We were also a marching band. In the spring and fall, Mr. Werry would take us out at lunchtime to march around the Lookout hill (the road went all the way around then). Some of us chipped a tooth, caused by potholes as we marched, but we cared not! We just loved to march…lots of Sousa as well as Colonel Bogey!
But…it was piano that was the main focus for me.
My first piano teacher was Noreen Spencer, who later married Phil Nimmons, renowned clarinetist, composer, arranger and educator and bandleader of the jazz band Nimmons ‘n’ Nine. Noreen was a high school student at the time and I was a four-year-old who was desperate to take piano lessons like my older sister. No other music teacher would take me on, as they said I was too young. I loved Noreen. She was as beautiful as she was talented.
When I was deemed old enough, I had the good fortune to have as my piano teacher, Mr. Fred Wigglesworth, a jolly, good-natured gentleman, who taught with great joy and aplomb. If I was learning to play a minuet, he would teach me to dance the minuet; if it was a waltz…the same, and so on. A huge bonus was that while he was doing this, his wife was in the kitchen preparing fudge for all of his students. Every week each of us left with a piece of fudge and a nickel! Mr. Wigglesworth was a delight.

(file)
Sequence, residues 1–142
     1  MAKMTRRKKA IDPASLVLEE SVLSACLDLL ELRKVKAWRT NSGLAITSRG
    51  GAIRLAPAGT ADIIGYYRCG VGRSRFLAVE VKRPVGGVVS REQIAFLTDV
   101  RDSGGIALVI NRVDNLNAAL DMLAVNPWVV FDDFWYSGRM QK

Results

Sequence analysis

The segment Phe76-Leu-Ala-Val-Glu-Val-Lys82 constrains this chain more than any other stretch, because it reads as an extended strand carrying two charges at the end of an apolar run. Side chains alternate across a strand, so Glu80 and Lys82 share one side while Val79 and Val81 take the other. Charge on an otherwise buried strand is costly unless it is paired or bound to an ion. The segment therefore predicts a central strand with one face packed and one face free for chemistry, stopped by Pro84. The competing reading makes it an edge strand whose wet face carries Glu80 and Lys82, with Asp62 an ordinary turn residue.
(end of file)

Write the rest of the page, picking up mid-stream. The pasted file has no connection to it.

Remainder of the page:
Caricatures of Fred Wigglesworth (above left) and Charles Garcia (above right), created by then-schoolgirl Martha Briggs
Sadly for me, there came a time when he needed to retire. He had also been organist at Trinity United Church for a very long time, and while there, he had “discovered” the voice of young James Milligan, the minister’s son. James continued his vocal studies to become one of the most accomplished baritones in the world. It was during a rehearsal for an opera in Basel, Switzerland, that he collapsed from a heart attack and died, at the young age of thirty-three. Such a loss for the world of opera.
Thankfully, Mrs. Nadine Mosbaugh agreed to take me on to continue. Nadine was the granddaughter of the famous Belgian composer/violinist Eugene Ysaye. She became a concert pianist, touring with the great pianist Jose Iturbi in Europe before coming to Canada. She also hosted and performed on a classical radio program on CKAR radio in Huntsville.